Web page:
Published on May 1st, 2013 | by Fernando Da Costa
Black Rock Shooter Review – Tally Ho!
Summary: Despite the poor storytelling Black Rock Shooter: The Game is still a fun and addicting gameplay experience. The aliens are creatively designed and despite the lack of immersion there is still some fun to take from this game. With Challenges to complete and upgradable skills, this game has several things to keep you busy. Black Rock Shooter: The Game is a great portable experience, but I'd recommend it more for those seeking a fun gaming experience and not an overly engaging story.
On August 25th 2011, Imageepoch developed and released Black Rock Shooter: The Game in Japan, for the Playstation Portable. Its origins stem from a picture that the artist Ryohei Fuke, or best known as Huke, posted on his blog on December 26th 2007. Later, Ryo, from the band Supercell, saw the picture and was inspired to create a song, appropriately called “Black Rock Shooter“. This ultimately started the ball rolling on a franchise that has spawned animes, mangas, and the aforementioned PSP Game. In 2013, NIS America took it upon themselves to bring Black Rock Shooter: The Game to the West and it was released April 23rd on PSN in the US and April 24th in Europe. Sadly, the game will not be available in Canada, Mexico, and other European countries due to licensing issues.
Black Rock Shooter: The Game is an Action-RPG where the player is tasked with advancing through numerous levels to unravel the mystery of the android girl, BRS. With elements such as experience points and an inventory of different weapons, albeit very limited, this game will appease those RPG taste-buds in your mouth.
The game kicks off in the year 2051. A Great War erupted in 2031 between a group aliens and the human race, and this one-sided war has brought humanity to the brink of extinction. Twelve soldiers are the only survivors and opt to awaken an android girl named Black Rock Shooter, or BRS.
The graphics here are mediocre at best; never pushing the PSP to its limit. With such games as Final Fantasy: Crisis Core on the device, which was released in 2007 in Japan and 2008 in North America; Black Rock Shooter: The Game falls flat for being a title developed almost three years later. The character designs are simple, with the unique concepts seemingly reserved for the main characters such as BRS, Marion, Phobos, or any of the aliens. I often found myself confused when told to seek out a specific soldier, because their designs were very similar. The game is voiced, but it only includes the original Japanese voice-overs with English subtitles. I personally did not enjoy that aspect as I found the voice actors lacked personality and were rather mono. There were also issues with syncing; the mouths didn’t line-up with the voices and to me, felt awkward. Another issue stemmed from the differences in Japanese and English dialect. A sentence might be said quicker in Japanese, resulting in the English text to scroll forward randomly as you read. Because of this, you’d miss some of the dialogue and maybe even an important piece of this scattered story.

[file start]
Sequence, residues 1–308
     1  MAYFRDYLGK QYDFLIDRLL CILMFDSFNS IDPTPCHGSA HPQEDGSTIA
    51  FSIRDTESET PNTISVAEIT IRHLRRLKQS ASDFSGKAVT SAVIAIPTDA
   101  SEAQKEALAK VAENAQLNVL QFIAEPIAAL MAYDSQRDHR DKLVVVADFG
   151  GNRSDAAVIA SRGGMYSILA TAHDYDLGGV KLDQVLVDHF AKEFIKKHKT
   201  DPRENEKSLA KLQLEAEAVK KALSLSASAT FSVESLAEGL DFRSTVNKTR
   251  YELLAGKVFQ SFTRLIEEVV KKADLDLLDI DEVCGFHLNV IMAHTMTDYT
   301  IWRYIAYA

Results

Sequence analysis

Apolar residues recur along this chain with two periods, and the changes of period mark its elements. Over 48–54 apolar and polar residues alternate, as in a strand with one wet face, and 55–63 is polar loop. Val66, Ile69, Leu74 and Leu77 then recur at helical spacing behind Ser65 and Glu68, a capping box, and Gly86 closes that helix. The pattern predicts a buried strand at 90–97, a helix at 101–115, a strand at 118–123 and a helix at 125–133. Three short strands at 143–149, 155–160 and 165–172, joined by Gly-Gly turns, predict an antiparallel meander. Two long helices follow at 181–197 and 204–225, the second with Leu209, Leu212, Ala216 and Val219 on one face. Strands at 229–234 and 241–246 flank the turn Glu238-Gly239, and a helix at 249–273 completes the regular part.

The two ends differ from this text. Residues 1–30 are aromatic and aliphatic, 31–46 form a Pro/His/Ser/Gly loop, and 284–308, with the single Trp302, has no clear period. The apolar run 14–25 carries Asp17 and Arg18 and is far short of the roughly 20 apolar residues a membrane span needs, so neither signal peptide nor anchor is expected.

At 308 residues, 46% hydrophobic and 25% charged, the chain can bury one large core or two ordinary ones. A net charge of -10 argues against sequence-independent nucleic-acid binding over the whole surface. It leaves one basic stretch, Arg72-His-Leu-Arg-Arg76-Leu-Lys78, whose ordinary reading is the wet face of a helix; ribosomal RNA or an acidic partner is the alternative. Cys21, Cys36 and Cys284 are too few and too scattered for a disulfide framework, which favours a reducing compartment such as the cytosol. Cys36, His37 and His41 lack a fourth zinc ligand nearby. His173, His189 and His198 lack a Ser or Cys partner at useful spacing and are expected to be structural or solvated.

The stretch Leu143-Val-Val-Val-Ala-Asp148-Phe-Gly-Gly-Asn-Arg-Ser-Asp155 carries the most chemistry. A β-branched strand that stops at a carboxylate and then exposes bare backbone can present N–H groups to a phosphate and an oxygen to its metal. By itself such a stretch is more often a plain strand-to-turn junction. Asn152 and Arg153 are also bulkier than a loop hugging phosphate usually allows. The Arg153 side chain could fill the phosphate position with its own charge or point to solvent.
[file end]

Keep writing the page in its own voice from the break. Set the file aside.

Speaking of the story, I felt that it was subpar and left so many questions unanswered. For example, I never understood why BRS had blue fire escaping her eye. The writing and dialogue was poorly executed as I never felt attached or any sort of sadness if a character was killed. However, there was some excellent exchanges between the soldiers in the early parts of the game that I found rather humorous and entertaining. As I mentioned before, the voice-over actors weren’t very personality driven, which affected the immersion a player had. It felt like the actors were just reading his/her lines just to finish the game as soon as possible. Plot twists were attempted, but because of the “Swiss Cheese” story all those holes prevented any sort of shock factor.
Gameplay is truly where the game shines in my opinion. I loved that the battles weren’t random, but instead you could see the enemies in the level which gave the player the option to avoid it. During battle, it was a very simple system of dodge and shoot, which never got repetitive because the battles were quick. There was also challenges that you needed to complete to unlock various things such as upgrades to your weapons or an art gallery, just to name a few. This made the levels have replay value, however, that only lasted until the challenges were completed, which then left no need to playthrough again. The levels are extremely linear, but for a handheld title, some people would appreciate that since most Portable players usually play on the bus or on a break, so a pick-up and go experience is ideal for them. The missions are short, but with repeating levels to complete challenges; I managed to clock-in about 30 hours of gameplay.
The sound for this game was on-par for the most part. The sound effects were accurate, but was brought down by the horrible voice-acting. The background music is excellent and often times, I would turn up the volume of my PSP to enjoy the music.
In conclusion, as a game, I would recommend this to anyone looking for a good time, filled with challenges. However, because this game is based on a manga and anime; I do have to take into account that perhaps these holes in the story are filled in both forms of entertainment, making the story of this Android girl make sense. I have not seen either the anime or manga, so this review was based solely on the game, the mechanics introduced, and the story present within this form of entertainment.
This review was based on a review code provided by NIS America